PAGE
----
Great news for Ane Brun fans: the Norwegian artist has not one but two fine albums out this autumn, with After The Great Storm set to be followed next month by How Beauty Holds The Hands Of Sorrow.
This isn’t some kind of attempt to see how little time she can leave between albums; the two records mark the end of a creative dry spell Brun suffered after the death of her father in 2016. Once she was able to successfully write again, she found herself with enough material for a double album – but the songs she amassed naturally divide into two rather different moods, and hence two different albums.
After The Great Storm seems logically placed as the first release; it follows on quite neatly from her last album of original material, 2015’s When I’m Free, sharing its scale and ambition, and the trip-hop undercurrents that interrupt a pop sheen. Its nine songs deal equally with personal relationships and with bigger questions of how we live in our world, and opening track Honey brings together these two strands. Here, Brun sings words of reassurance and advice to her 18-year old self – it’s reminiscent of Sharon Van Etten’s recent single Seventeen, but less jaded and more caring. “I know how things will come back to haunt you,” she sings, a reminder that our actions as both individuals and as a society have consequences.
Musically, it’s more ambitious and further reaching than any of Brun’s previous records. While tracks like Honey and the super-smooth Fingerprints are wonderfully polished, their mirror-glaze can feel a little too dazzling at times. They cry out for a jolt that can puncture that smooth surface and take us deeper; Brun’s voice does that to some degree, but sometimes finds itself floating rather than diving.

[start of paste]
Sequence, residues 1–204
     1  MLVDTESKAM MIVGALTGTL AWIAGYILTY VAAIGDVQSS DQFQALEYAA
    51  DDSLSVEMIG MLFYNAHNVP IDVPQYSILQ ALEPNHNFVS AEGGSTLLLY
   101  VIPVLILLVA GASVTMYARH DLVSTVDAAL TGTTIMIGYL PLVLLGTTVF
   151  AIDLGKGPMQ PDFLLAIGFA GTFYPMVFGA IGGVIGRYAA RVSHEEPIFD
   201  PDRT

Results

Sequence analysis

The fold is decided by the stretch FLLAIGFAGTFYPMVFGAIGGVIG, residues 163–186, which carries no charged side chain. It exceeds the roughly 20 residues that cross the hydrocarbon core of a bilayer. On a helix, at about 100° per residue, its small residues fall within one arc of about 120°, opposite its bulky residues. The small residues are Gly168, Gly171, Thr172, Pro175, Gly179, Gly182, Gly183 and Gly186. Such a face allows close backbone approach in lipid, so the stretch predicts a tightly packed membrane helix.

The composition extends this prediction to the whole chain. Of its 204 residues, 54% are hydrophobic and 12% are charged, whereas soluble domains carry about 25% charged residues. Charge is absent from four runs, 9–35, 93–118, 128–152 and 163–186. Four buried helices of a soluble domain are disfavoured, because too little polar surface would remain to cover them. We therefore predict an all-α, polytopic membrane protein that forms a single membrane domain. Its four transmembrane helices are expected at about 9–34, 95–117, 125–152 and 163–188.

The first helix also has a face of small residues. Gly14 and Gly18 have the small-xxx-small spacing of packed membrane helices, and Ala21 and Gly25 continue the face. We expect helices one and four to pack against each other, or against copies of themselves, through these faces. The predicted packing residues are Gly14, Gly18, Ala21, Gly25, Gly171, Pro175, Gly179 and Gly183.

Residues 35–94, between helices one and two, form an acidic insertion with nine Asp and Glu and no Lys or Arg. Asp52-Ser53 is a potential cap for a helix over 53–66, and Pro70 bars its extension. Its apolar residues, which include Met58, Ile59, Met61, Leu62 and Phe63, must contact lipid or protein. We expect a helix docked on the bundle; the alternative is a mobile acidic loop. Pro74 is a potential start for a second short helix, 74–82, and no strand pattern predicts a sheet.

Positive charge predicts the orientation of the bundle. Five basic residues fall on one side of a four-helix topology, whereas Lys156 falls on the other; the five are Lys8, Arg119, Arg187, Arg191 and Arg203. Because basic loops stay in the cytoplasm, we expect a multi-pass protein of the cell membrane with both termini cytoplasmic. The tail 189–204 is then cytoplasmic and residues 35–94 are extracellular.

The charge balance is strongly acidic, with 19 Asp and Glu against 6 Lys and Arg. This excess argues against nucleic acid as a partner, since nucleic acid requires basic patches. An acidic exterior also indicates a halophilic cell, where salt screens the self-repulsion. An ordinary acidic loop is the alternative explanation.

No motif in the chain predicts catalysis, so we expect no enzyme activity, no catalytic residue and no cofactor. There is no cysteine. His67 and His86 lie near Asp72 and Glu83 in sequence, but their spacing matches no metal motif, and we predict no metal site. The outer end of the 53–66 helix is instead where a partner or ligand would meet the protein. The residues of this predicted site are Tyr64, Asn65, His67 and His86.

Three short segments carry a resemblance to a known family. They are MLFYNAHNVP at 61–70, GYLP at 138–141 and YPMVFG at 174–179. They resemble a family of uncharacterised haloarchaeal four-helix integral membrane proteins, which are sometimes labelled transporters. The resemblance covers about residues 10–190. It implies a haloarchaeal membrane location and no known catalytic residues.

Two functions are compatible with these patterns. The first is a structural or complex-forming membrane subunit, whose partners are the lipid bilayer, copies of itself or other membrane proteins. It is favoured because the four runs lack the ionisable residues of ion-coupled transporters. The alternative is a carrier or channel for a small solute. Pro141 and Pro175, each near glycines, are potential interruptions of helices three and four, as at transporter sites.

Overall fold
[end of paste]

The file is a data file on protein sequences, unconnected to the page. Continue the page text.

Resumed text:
However, a fine trio of songs cuts across the centre of After The Great Storm. Crumbs is Brun at her most indie-pop, riding on a punchy drum beat that sounds like something The National’s Bryan Devendorf might beat out. The lysergic Feeling Like I Wanna Cry feels like it might warp and fold in on itself at any minute, while Take Hold Of Me builds from a simple synth arpeggio to a track that’s not a million miles from some of Jon Hopkins’ recent work.
The final song, We Need A Mother, grapples most closely with crises of the human race. It has its origins in a conference Brun attended, in which a speech about climate action was followed by a huge display of resource-burning fireworks. “I feel rage,” she sings, but she sounds more tired than angry. Rather than coming to any kind of climax, the track peters out with a question: “Will we catch the rope at the very last second?” It’s an ambiguous line, hopeful but also doubtful, and as the end of the album hangs on that ambiguity it’s comforting to know that Ane Brun will be bringing us another record in a few weeks’ time.